Using the American experience RLH looks at 'The Immediate Future'., 'The Middle Distance' and 'The Long Run'. He starts by indicating three overlapping periods in the history of government intervention. From the earliest days as a colony to a heyday in the early/middle decades of the 19th century, government intruded into the economy as a direct stimulus to economic expansion itself: roads, canals, railroads and public-sector schools, etc.. Needless to day, this function of government has not come to an end. From about 1865, accelerating through the New Deal and peaking now, intervention appears in the proliferation of regulatory agencies. Such agencies have the prime function of regulating markets - often at the behest of the business community. Lastly, as from the New Deal period (1932 onwards), there has been the active use of central government's powers to bring the economy to an acceptable level of employment, growth and welfare.
It seems to me relatively unimportant that RLH cites only the history of the USA here. The sort of developments he discusses have occurred in all advanced capitalist countries, to a greater or lesser extent, in one form or another. The proliferation of regulatory agencies such as the Securities and Exchange Commission may be a mainly American phenomenon but some form of regulation occurs in most advanced economies, regardless of the differing forms it takes. Often it is proposed by the business community. Influential members of the City of London, and those who articulate their views, are well aware, for example, that regulation is required to stop the repeated occurrence of IOS and Slater Walker scandals; thus they encouraged the formation of a Government Inquiry into their own affairs (even though they might not have chosen Harold Wilson to chair it). Most governments have adopted Keynesian policies. Most governments encourage investment in productive enterprise - either by doing it themselves (e.g. the Italian IRI and ENI; perhaps the British NEB), or by providing a favourable framework of incentives for business, or both.
Heilbroner proceeds to identify difficulties, present in varying degrees in all capitalist economies, that are likely to accelerate this trend of increased state intervention:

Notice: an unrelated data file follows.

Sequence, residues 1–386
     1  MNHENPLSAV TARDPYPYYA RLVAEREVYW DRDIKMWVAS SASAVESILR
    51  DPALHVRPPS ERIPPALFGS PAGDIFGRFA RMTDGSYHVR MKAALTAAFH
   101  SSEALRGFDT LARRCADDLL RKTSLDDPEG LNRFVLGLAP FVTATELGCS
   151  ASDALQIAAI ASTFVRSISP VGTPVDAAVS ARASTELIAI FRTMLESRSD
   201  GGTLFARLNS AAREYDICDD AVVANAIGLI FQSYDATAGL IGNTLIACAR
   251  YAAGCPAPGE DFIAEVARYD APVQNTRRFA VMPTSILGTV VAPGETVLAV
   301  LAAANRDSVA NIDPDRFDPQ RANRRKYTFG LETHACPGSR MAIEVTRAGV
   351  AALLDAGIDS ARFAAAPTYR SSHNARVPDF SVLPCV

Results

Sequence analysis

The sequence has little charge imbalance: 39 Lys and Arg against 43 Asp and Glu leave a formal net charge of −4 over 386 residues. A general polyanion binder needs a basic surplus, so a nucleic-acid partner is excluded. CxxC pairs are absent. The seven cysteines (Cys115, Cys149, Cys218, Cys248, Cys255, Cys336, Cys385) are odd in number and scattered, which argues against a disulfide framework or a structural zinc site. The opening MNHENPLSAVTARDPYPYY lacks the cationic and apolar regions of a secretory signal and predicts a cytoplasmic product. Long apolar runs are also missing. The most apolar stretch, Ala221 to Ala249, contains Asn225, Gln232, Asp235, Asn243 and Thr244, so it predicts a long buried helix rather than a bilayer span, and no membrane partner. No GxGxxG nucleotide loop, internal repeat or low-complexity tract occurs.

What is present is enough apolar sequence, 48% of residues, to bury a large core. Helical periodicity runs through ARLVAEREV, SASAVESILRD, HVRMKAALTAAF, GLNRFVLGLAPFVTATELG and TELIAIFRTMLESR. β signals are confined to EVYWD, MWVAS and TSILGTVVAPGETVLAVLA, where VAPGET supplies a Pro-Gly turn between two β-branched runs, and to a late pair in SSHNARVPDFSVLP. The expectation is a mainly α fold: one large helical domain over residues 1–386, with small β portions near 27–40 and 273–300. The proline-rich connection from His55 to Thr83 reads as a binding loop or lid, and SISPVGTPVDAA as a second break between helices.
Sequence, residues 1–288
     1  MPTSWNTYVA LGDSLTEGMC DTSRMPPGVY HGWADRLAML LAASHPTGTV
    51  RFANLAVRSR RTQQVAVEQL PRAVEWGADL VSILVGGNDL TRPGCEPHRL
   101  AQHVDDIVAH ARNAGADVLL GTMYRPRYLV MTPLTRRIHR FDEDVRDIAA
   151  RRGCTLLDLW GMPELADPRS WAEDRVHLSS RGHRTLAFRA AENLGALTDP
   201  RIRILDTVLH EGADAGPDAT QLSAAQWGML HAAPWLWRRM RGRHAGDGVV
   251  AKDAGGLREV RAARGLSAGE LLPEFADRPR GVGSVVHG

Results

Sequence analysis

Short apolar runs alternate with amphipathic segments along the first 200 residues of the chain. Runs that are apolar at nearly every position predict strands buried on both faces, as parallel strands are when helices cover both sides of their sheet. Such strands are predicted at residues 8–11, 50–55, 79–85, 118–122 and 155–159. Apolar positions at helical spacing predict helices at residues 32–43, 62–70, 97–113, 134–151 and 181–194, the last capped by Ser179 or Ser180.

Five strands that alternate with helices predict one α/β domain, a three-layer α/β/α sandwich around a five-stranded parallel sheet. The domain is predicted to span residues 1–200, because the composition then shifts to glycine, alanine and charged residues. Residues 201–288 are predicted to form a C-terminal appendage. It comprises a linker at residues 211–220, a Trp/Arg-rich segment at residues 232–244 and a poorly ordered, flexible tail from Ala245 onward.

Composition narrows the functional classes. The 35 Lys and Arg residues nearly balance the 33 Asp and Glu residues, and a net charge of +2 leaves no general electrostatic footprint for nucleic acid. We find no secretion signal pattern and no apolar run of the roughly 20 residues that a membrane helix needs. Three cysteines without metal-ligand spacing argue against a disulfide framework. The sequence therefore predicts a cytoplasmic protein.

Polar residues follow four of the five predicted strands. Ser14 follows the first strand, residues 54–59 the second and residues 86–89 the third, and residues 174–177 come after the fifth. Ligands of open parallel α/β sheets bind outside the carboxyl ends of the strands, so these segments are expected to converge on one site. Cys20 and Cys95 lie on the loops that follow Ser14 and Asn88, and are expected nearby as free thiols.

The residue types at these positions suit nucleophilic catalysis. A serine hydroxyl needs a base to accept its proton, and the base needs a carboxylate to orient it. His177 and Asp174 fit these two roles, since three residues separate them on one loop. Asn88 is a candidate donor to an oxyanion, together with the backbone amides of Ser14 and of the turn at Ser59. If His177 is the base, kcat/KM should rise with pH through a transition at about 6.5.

a) the continued propensity to develop generalised disorders (e.g. inflation, depressions);
b) the tendency to develop serious localised disorders (e.g. the near-breakdown of mass transportation in the USA in the early '70s, resulting in 'Amtrak'; the near collapse of the financial structure in the USA and Western Europe in the same period; urban insolvency);
c) dangers imposed by a constricting environment (overrunning the resource base before technological remedies can be found, ecology).
None of these problems, nor the consequent increase in government intervention are seen as necessitating any alteration in 'the inertial core of social privilege'.
The extrapolation into the 'Middle Distance' is presented fully cognisant that previous attempts (the Marxian and the Liberal 'end of ideology') have failed. Both, RLH avers, held the primacy of the economic machinery of capitalism in setting the tone and temper of its political and social life. This is no longer valid. Since 1945 we have witnessed '...the rise of the political superstructure to a position of much greater equality with, and now indeed to a prospective position of superiority over, the economic mechanism'. 11 The prognosis for the period 25-30 years hence attempts to identify potential strains and challenges to business civilisation.
Firstly, perhaps surprisingly, the problem of affluence. Heilbroner doesn't foresee any general lowering of all incomes, nor the elimination of the social security net, but does believe that inflation (a major constituent of which is the enhanced power of labour) will be a continuing 'problem'. He also foresees problems in the ability of society to get its 'dirty jobs' done - unsolved by automation, partly because of resource difficulties, partly because of the loss of purchasing power it might entail. What he could have mentioned, but doesn't, is that these tasks are frequently undertaken by Third World immigrants. (In fact nowhere does he discuss, in more than three lines, the possibility of racial conflict in the future.)
Secondly, the common technology of all capitalisms affects social structures, leading to a hierarchical organisation of work (hardly new - S.A.C.) and to a coordinating bureaucracy. RLH sees the conflict of the future as being between not Capital and Labour but Capital and the elite of the bureaucratic technostructure.
Thirdly, the need to establish effective social control over technologies holding the capacity for enormous social mischief, i.e. social censorship over the advance of science.
Finally, RLH notes (as his 'firmest generalisation') that '... its problems are at least as much rooted in the nature of industrial society as ... in capitalism proper' 12 He proceeds to identify these problems in 'Socialism', and analyses the merits and demerits of East and West as regards their abilities to meet them: